For Skerry—who said he has no hobbies and has always believed “coaching beats working for a living…I love it”—part of that involved absorbing the punishment of a grueling non-conference schedule, including season-opening games at Kansas and Michigan, as well as an unforgiving CAA slate which includes two games apiece against the league’s top five teams, all while refusing to allow the Tigers to make excuses and instilling in them the expectations he’ll have moving forward.
“I believe in shooting straight with my guys,” Skerry said. “I also felt that guys are going to be here for two, three or four years. We’ve got to help change habits and develop different habits. Once you do that, you have a culture, you have a program. To just kind of get through the year even though we have some shortcomings and play make believe and all of that, that would put us one year behind.”
Recruiting-wise, Skerry is approaching Towson like Jay Wright approached Hofstra a generation ago, when he revived what he called “a sleeping giant” by tapping into a basketball-rich market and finding that one player—Speedy Claxton—who could turn around the entire program.
“Three hours to the north in New York, three hours to the south in Richmond—we’re in fertile recruiting ground and we plan to capitalize on that daily and yearly,” Skerry said.
Towson’s version of Claxton could be in next year’s recruiting class, which, a la Hofstra, features a pair of big-time transfers (Georgetown’s Jerrelle Benimon and South Florida’s Mike Burwell) as well as a handful of promising high schoolers. “I won’t tell you which one, but I think one of our recruits could be that type of an iconic player—and so do a lot of other coaches around this league who were rather speechless when they heard who we had signed,” Waddell said.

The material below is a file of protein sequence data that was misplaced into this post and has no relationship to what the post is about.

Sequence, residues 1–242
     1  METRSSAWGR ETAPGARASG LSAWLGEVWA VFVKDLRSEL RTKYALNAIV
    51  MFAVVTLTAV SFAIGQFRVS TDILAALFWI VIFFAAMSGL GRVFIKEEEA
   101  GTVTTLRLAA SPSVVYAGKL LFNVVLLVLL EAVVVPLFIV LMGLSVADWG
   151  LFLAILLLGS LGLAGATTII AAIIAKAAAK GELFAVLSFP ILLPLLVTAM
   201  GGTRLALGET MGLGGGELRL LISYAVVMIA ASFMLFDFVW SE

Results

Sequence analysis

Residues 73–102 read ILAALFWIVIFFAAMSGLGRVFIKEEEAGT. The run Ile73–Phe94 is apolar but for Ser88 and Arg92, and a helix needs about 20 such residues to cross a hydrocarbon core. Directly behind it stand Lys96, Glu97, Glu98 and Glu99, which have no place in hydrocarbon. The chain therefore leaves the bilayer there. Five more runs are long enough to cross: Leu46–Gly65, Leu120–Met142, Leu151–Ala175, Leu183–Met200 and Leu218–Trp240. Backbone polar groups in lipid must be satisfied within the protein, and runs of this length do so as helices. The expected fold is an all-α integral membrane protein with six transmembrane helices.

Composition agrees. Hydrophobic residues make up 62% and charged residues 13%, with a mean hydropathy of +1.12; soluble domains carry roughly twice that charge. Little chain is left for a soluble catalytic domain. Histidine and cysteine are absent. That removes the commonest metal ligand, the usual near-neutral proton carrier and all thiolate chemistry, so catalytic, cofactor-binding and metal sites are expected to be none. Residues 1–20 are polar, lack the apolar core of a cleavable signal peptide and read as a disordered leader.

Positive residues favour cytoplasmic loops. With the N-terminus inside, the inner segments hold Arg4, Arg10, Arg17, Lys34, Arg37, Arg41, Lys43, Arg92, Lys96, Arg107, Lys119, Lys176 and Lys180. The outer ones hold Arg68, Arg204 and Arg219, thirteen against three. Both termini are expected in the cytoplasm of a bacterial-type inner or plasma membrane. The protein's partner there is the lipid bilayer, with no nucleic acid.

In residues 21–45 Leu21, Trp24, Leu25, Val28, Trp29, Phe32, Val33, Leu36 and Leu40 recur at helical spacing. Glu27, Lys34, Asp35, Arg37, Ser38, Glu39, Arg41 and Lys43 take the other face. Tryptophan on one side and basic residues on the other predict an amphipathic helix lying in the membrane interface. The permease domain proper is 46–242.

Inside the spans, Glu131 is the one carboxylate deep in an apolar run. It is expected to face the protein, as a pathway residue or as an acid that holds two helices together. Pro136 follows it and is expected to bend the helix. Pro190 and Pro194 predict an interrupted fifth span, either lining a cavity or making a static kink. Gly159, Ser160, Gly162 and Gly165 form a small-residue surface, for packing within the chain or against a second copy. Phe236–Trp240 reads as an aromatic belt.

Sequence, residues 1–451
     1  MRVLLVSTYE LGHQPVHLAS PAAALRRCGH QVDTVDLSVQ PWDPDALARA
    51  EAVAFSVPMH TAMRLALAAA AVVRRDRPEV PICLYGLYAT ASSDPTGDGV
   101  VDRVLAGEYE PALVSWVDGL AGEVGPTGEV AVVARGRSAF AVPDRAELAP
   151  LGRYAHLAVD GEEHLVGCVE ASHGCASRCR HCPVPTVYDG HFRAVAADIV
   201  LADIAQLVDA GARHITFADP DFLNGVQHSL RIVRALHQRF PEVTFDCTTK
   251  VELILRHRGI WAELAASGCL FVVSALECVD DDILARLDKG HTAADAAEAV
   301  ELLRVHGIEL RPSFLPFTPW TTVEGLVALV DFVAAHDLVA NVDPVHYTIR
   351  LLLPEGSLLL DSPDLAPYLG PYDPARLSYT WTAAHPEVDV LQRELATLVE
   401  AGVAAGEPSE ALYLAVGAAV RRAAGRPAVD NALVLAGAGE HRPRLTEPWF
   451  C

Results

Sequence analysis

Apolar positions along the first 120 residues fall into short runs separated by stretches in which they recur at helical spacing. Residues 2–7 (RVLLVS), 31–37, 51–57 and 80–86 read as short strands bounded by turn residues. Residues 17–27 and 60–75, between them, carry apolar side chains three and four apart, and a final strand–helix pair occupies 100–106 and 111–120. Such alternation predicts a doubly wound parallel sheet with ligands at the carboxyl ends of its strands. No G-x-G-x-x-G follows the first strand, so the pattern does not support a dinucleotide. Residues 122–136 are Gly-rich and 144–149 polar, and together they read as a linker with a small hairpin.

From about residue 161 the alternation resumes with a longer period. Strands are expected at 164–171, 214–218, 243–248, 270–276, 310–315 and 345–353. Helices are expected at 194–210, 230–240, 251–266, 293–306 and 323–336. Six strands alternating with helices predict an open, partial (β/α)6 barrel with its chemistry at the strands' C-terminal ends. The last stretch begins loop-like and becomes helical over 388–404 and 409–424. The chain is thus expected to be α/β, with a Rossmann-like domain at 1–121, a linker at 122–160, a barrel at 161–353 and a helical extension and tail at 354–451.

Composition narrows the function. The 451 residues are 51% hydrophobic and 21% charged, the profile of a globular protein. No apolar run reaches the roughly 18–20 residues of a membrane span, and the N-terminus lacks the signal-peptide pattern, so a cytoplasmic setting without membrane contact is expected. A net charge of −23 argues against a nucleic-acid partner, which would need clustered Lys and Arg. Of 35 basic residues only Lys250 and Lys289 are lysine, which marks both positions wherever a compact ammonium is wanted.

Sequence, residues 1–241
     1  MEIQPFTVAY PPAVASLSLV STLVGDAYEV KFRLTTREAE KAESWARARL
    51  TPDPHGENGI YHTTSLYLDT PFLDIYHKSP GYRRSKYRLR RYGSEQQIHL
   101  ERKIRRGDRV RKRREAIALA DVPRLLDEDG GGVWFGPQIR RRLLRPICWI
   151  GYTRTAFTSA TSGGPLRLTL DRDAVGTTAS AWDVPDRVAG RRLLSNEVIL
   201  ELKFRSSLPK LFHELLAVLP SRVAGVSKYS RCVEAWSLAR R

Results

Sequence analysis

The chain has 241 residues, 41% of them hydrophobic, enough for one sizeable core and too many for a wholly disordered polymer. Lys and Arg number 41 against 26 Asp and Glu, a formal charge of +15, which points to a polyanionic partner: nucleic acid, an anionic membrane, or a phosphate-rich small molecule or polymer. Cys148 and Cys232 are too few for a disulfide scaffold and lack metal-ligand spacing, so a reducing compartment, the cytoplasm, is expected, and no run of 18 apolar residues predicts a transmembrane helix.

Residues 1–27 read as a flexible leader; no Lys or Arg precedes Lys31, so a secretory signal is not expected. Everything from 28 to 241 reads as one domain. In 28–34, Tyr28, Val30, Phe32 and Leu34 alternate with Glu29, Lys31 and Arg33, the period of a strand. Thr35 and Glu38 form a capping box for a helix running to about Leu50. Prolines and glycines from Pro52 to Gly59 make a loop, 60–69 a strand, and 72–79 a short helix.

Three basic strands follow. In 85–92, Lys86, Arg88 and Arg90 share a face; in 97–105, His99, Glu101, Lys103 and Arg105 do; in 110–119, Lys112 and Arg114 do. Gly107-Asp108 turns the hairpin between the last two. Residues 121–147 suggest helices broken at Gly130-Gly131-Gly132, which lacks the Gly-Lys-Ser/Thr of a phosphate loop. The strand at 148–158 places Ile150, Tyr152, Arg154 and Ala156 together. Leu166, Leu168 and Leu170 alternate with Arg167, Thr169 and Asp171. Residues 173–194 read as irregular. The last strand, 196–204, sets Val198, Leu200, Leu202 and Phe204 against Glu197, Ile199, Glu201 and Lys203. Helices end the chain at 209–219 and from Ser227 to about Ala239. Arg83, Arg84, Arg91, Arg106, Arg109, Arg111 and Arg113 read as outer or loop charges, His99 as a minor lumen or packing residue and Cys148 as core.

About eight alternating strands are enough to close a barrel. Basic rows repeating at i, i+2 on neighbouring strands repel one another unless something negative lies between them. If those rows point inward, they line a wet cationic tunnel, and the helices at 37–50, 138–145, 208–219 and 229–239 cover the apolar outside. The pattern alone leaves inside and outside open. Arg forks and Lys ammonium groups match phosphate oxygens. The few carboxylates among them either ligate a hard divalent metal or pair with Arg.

While Waddell is unfailingly upbeat, optimistic and entertaining in discussing Towson’s future—he said Monday the best part about ending the losing streak is that “we don’t have to go to Coke Zero or Spaghetti O’s” as Towson looks to sell naming rights to its new arena, which is scheduled to open for the 2013-14 season—he is also an uncompromising realist who won’t allow any of the Towson staff to rest on recent accomplishments.
At the athletic department’s weekly meeting Monday, he didn’t even bring up the win over UNC Wilmington. And the players and coaches who helped the Towson football team reach the Division I-AA playoffs for the first time ever this year—a mere one season after the Tigers went 1-10—have been ordered not to wear any clothing commemorating the 2011 season inside the football facilities.
“We’re building a family here and we’re trying to raise a teenager,” Waddell said. “We’re at zygote right now. We’re not mature. We’re not even into the gestation phase. We’re just trying to grow and do it the smart way.”
He is also reconnecting with Towson’s successful past—Truax, who is in regular contact with Skerry, and the 1990-91 Tigers squad were all recently inducted into the school’s Hall of Fame—and keeping one eye on a better future by embracing the largely negative attention that comes Towson’s way now (though Towson was the lead story on the 6 p.m. SportsCenter Saturday).
Waddell, a former broadcaster in the ACC with North Carolina and Virginia, is accessible, active and patient with all forms of media. When Davis—who was in college a few hours to the south at Duke when Towson reached the NCAA Tournament—bashed Towson, Waddell invited him, via Twitter, to a game.
Waddell also realizes engaging with the press is the best way to keep Towson on people’s minds and shape the story as the Tigers rebuild. And make no mistake: Waddell expects a return to the days in which everyone else wants to be Towson and the Tigers were anything but a sympathetic figure.
“It’s like coach tells you: We got beat by 30 points or 40 points, you got exactly what you deserved,” Waddell said. “You don’t want to be the butt of people’s jokes? Then don’t play like that.
“But you know what? In a few years, when we’re beating people like that. I don’t want to hear anybody complain we’re rubbing it in. That’s how it goes. There is no mercy in fighting or sports. I asked no quarter and I’ll give none. That’s just how it goes. I don’t have a problem with that.”